Additive effects of interventions
    Prof. Harvey further observed that combining interventions may have additive effects; just like adding cognitive training onto skills training, adding a pharmacological boost may lead to better outcomes. For this purpose, amphetamine, guanfacine, and a novel antidepressant vortioxetine have been used. Pharmacological augmentation could also be applied to social skills training, in the same way, Prof. Harvey suggested.15,16
    Maybe it is time to start thinking about treating severe mental illness like we treat high blood pressure or cardiac disease, commented Prof. Harvey, where it is not seen to be a problem to use multiple medications from different classes because they all have slightly different targets. 14
    Assessing patients in the moment
    People with schizophrenia can find self-assessment challenging, said Prof. Harvey, noting that there is a disconnect between patient-reported functioning and clinician-rated functioning. This may lead to a reduced willingness to engage in treatment. Why would you get cognitive training if you don’t have any cognitive or functional challenges? Patients may overestimate their functional capabilities, and this requires close attention and alternative strategies.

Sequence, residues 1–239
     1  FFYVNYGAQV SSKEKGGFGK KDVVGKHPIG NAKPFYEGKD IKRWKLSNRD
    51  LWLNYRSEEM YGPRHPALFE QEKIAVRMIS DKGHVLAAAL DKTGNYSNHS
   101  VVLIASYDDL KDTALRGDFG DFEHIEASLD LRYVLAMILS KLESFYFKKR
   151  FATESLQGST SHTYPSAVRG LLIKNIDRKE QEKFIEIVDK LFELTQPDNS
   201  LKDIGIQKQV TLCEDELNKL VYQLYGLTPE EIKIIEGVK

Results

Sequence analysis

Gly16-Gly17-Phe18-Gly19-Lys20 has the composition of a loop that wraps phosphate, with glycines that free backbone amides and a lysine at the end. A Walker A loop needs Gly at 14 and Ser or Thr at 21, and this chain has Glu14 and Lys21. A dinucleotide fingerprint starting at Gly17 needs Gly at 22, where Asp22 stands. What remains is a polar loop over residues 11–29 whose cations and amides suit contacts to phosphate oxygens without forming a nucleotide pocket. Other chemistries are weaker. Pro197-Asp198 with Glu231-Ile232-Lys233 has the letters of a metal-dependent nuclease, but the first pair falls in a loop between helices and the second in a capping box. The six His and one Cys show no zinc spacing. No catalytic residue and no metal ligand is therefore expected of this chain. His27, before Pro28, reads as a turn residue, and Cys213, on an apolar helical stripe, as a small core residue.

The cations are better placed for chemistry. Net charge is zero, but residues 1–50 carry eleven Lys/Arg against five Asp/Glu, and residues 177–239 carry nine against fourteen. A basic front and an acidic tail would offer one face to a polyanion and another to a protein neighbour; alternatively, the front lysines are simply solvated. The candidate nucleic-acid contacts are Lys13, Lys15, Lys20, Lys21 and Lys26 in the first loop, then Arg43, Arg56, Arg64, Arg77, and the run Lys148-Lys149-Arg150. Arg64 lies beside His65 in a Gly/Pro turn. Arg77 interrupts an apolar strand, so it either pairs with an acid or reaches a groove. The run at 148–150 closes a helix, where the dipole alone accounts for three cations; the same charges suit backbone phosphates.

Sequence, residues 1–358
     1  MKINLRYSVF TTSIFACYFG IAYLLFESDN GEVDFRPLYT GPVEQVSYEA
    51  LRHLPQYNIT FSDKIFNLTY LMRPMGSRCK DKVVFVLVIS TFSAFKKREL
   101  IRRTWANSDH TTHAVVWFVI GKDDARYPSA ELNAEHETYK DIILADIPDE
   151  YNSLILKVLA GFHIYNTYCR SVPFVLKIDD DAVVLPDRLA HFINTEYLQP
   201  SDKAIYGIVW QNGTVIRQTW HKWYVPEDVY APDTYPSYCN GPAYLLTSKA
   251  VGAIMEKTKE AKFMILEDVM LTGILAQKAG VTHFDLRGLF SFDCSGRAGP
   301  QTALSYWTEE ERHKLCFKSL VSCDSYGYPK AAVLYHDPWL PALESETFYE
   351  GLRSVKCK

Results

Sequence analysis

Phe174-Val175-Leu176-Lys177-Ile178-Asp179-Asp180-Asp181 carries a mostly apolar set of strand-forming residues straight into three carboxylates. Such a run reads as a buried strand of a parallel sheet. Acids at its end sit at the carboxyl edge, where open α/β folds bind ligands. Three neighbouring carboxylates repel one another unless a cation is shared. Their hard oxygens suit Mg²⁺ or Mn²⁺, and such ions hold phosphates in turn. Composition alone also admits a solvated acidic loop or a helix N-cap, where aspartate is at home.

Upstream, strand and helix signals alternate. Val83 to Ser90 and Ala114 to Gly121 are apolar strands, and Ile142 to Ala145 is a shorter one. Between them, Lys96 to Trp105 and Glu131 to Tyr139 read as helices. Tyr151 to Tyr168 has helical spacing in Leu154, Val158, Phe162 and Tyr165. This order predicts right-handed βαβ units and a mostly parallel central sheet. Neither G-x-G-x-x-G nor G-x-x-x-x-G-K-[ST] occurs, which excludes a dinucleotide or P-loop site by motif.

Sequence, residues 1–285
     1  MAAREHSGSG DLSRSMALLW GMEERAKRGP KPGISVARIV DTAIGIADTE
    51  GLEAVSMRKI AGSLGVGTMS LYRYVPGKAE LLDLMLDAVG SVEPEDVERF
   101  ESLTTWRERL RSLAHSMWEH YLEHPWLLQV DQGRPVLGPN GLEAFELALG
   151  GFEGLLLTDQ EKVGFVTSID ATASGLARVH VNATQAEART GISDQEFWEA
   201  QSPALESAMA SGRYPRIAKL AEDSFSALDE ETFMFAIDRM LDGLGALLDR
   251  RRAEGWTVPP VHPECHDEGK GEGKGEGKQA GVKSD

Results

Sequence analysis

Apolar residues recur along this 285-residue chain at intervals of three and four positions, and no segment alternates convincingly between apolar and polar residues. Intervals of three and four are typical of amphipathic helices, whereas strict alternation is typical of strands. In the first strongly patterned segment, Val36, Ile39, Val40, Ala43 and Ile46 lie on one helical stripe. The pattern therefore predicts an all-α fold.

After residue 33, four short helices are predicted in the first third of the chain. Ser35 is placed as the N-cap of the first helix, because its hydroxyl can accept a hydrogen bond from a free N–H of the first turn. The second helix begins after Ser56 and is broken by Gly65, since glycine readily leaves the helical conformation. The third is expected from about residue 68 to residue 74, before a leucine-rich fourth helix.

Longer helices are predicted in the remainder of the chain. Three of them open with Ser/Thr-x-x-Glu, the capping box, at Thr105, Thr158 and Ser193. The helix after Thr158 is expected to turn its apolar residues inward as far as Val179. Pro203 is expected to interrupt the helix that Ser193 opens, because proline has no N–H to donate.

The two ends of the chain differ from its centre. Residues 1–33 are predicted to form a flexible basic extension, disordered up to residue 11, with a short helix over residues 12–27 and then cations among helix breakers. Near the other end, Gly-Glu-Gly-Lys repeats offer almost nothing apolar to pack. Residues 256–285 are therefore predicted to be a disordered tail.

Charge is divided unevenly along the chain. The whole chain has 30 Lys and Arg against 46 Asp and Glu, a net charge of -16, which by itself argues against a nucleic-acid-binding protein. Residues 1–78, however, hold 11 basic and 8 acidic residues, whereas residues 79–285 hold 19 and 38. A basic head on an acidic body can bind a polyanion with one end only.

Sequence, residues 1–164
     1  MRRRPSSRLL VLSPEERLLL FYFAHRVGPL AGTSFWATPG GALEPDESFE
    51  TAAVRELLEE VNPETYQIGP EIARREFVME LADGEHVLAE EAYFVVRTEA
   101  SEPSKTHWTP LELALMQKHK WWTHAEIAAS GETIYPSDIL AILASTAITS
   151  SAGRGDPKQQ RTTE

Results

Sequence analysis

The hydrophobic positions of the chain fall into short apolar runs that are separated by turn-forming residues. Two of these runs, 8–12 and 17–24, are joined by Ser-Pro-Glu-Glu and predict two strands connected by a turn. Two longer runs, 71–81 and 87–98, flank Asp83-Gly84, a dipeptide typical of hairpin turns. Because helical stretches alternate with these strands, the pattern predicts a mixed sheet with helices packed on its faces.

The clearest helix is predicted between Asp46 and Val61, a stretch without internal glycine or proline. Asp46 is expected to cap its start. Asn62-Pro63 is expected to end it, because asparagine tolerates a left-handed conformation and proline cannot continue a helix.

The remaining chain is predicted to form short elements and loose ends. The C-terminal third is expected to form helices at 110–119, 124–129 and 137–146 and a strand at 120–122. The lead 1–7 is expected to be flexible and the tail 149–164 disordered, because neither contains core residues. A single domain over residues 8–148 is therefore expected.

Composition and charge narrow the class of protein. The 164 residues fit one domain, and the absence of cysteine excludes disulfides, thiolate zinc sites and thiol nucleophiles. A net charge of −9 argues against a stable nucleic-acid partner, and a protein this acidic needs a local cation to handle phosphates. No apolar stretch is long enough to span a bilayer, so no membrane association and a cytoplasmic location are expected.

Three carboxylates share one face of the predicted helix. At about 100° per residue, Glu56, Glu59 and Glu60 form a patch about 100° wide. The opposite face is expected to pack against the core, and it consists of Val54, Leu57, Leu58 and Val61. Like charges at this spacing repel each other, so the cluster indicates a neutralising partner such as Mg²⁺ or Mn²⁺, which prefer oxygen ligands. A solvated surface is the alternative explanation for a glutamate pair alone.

Being asked to remember a month later can be particularly challenging for someone with schizophrenia and who may have cognitive deficits. One solution may be to assess patients at the moment or while they are experiencing or doing something, said Prof. Harvey. There are several ways to do momentary assessments: people can be contacted via a smart device and asked: “Where are you?” “Who are you with?” “What are you doing?”; or another option is to use passive measurement like GPS to see if the people are where they say they are and engaging in certain behaviours.
    Prof, Harvey concluded by pointing out that a thorough assessment of what someone’s functional abilities are, what their functional goals are, and what their current skills are, is critical to develop a personalized treatment plan.